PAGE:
Recessions and depressions are similar in that they both signal a downturn in the economy. But depressions are far less common and indicate a more severe, widespread impact.
Compared with depressions, recessions are easier to define. In fact, a nonprofit organization called the National Bureau of Economic Research, or NBER, continually tracks business cycles and determines when recessions begin and end.
Generally, a recession is when the economy stops growing. The NBER defines it as such: “a significant decline in economic activity that is spread across the economy and that lasts more than a few months”. There’s a bit more to the definition than that, so read more about what a recession is.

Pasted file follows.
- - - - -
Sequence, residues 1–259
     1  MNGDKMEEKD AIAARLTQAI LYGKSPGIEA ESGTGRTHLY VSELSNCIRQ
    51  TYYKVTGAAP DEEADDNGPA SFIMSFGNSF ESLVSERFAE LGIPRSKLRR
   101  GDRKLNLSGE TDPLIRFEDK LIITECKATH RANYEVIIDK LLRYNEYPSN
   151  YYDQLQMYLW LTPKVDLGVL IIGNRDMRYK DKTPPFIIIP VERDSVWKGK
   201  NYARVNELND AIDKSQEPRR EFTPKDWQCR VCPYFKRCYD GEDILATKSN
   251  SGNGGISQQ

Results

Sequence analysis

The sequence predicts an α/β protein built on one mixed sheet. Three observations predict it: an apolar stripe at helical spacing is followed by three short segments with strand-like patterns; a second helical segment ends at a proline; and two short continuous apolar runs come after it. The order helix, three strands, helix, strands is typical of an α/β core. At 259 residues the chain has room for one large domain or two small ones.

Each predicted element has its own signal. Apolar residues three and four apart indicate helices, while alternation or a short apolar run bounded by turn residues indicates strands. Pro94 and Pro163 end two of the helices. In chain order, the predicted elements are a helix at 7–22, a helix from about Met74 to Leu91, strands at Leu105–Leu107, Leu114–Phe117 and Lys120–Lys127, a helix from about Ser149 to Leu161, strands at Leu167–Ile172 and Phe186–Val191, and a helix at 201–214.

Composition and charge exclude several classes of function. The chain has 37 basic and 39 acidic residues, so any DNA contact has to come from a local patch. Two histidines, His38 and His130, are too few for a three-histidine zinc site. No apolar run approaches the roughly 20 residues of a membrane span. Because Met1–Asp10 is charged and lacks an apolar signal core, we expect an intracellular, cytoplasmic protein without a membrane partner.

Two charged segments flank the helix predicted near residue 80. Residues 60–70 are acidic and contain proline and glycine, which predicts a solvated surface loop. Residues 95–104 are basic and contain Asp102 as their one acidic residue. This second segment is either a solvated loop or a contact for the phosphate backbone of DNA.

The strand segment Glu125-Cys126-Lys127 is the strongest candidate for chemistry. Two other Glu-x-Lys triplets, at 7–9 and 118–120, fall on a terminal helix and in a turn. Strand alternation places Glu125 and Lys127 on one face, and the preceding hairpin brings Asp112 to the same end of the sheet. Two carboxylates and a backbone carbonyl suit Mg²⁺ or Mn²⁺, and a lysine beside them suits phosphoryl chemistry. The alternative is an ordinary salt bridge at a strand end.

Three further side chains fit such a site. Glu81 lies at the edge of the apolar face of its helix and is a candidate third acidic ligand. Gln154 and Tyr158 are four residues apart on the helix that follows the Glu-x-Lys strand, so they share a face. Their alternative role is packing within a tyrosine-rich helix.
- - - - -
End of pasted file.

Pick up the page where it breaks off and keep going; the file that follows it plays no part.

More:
The economy has cycles, and so recessions are usually predictable, says Lynnette Khalfani-Cox, CEO and a founder of TheMoneyCoach.net, a financial education company.
A recession may mean stagnant wages, higher prices and less consumer spending, she adds.
This article was written by Laura McMullen and originally published on www.nerdwallet.com